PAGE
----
The push to process grain more quickly doesn’t end when crops are processed by a combine. Several makers of grain-handling equipment at the 2010 Farm Progress Show told Farm Equipment that they’re under pressure to make equipment that is bigger, more powerful, more efficient and easier to use.

Farm Equipment editors saw everything from higher-capacity grain augers, conveyors, carts, baggers, driers, bins and vacuums to smaller, niche solutions designed to make working with this equipment easier.

After listening to requests from dealers, BRANDT AGRICULTURE introduced its first grain cart this year. The 1020XR grain cart has a capacity of more than 1,000 bushels, a corner auger and 24 in. of additional horizontal reach and 24 in. of vertical clearance for easier unloading. The cart also has a clean inner design with fewer catch points, which is desired by customers that alternate between crops, says Jason Bouchard of Brandt.

Brandt — which has a marketing agreement with Loftness —has surpassed sales projections this year with its grain baggers, too. “They don’t want to be waiting at the elevator, and with baggers there’s less cost than with permanent storage,” Bouchard says.

Loftness grain handling systemLOFTNESS came up with something to make working with its GBL Grain Bagger easier: a drive-up swing-auger system that allows truck drivers to unload grain directly into a bagger. “This is a good system if you’re bagging away from the field, or if you have limited on-farm storage or limited storage in the field,” says Loftness’ Dave Nelson.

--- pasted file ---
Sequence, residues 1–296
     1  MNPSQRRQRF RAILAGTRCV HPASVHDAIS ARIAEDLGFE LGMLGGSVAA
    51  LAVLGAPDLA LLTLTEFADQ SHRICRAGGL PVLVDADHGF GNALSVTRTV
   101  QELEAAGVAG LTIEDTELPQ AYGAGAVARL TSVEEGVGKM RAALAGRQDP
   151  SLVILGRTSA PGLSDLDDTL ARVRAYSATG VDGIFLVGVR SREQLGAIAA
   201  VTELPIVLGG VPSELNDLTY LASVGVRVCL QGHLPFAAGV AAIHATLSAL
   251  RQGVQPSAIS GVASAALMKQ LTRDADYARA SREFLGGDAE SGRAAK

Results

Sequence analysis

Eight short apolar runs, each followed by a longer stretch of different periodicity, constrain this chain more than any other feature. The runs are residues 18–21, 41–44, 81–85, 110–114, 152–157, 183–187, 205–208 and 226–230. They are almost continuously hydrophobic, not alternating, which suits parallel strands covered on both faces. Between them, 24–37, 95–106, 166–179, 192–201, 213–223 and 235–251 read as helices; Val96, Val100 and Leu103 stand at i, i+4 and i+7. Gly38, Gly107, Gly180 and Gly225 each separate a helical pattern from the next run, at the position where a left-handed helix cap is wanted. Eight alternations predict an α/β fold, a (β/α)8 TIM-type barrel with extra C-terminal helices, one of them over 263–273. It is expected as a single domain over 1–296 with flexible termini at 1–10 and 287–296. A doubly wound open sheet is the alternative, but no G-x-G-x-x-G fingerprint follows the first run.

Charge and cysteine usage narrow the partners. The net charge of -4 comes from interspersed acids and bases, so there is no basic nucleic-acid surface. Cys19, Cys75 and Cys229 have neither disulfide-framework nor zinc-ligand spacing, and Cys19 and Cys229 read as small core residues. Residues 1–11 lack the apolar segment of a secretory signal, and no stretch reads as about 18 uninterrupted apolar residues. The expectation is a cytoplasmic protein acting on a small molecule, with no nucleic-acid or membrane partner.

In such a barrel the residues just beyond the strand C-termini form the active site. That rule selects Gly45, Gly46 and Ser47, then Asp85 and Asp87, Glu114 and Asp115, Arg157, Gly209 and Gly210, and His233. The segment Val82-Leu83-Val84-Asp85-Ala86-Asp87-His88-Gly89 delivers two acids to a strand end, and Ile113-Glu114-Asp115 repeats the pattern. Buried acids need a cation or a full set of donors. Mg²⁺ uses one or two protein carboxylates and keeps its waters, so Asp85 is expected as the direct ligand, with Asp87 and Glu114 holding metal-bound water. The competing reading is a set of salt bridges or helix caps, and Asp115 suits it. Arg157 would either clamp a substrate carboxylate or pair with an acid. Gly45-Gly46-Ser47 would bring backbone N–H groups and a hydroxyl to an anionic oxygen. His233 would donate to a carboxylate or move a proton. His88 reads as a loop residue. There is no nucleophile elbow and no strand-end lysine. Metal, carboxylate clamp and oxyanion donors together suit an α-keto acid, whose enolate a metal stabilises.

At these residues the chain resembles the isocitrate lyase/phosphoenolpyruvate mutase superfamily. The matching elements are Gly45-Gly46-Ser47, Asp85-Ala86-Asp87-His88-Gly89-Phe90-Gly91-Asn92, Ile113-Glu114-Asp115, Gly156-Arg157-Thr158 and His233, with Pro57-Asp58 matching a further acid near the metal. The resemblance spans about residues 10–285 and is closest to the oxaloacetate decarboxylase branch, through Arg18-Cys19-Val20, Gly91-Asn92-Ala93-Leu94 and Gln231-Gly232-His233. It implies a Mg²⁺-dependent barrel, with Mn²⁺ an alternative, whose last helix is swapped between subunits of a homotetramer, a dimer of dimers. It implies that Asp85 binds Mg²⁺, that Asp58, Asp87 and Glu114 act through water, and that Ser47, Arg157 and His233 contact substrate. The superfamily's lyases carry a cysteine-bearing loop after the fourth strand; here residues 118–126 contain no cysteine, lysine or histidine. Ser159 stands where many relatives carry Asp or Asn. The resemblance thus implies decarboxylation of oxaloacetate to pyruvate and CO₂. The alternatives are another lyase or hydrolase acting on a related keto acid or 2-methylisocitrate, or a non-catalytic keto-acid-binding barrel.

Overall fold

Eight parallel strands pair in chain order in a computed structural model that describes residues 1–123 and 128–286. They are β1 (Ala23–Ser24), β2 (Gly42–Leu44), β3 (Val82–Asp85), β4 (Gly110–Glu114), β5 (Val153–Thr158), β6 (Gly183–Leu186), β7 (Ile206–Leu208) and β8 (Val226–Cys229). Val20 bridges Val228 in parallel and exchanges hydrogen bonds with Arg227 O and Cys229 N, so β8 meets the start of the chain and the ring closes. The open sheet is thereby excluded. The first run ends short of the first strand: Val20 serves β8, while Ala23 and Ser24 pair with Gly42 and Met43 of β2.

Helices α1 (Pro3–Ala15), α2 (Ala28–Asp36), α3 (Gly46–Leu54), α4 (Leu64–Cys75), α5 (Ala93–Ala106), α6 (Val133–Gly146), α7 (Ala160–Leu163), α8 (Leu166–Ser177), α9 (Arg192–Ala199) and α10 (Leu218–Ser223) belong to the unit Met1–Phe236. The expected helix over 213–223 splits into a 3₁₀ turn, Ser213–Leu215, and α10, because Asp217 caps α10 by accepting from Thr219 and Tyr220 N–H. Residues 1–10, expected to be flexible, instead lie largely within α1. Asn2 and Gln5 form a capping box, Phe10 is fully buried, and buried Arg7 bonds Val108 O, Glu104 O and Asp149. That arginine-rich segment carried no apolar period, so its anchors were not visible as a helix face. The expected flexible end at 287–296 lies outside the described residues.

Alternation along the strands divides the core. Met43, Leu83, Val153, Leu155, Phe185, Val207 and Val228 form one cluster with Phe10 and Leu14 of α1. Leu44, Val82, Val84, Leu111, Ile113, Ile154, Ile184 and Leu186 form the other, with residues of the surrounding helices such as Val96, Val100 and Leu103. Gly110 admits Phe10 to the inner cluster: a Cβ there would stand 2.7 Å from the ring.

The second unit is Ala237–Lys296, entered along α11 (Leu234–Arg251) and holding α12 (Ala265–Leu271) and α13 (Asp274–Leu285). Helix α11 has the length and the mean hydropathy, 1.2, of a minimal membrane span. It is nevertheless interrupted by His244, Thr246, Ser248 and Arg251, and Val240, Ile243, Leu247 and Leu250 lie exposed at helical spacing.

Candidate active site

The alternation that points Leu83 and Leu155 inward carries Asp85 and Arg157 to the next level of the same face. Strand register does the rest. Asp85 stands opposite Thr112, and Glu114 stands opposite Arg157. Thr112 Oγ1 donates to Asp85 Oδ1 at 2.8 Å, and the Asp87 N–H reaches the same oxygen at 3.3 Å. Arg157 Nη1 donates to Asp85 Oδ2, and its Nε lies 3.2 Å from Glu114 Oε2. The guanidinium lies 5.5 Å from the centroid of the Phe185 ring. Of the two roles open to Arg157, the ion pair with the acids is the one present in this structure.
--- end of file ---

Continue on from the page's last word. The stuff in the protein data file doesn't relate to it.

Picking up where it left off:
“You can continue to combine, even if the elevator is full. It can speed up the harvest significantly.” Like other areas of the grain-handling sector, grain augers and conveyors are being introduced with capacity and durability in mind as customers squeeze every bit of efficiency out of their operations.

After purchasing the shuttered Feterl plant in Salem, S.D., earlier this year, BUHLER INDUSTRIES is rolling out heavy-duty augers that have been out of the market for a couple of years. “The Feterl acquisition has given a more extensive auger portfolio. It’s been a terrific fit for us,” says Buhler’s Adam Reid.

Highlighted at Farm Progress was the Farm King 12122, a 122-ft., 12-in. conventional-lift auger that can move 300 bushels of a grain a minute. “The dealers and farmers wanted it,” Reid says. “These are for big growers and grain co-ops.”

Some grain-handling products are geared to boosting productivity and ease of use. PIT EXPRESS introduced a standalone, drive-over pit for 10- and 13-in. augers to speed up the unloading of hopper bottom trailers.

The pit, capable of processing 5,000-8,500 bu. of grain per hour, comes in 10- and 13-in. models. The pit was designed for Brandt augers but can be used for other brands.

Another area of product expansion includes grain-drying towers and accessories that give farmers more flexibility in harvesting and storing grain. Shivvers Manufacturing introduced its AirMaxx30, a 30-hp, double-width, double-inlet fan that produces air flow up to 30,000 cu. ft per minute. “In a 36-ft. bin you can put two of these on and dry a lot of grain. You can dry up to 18,000 bushels a day,” says Jim Ratliff, Shivver’s sales manager. When grain stocks are down, or conditions are wet, having a drying system could allow a farmer to harvest earlier, he says.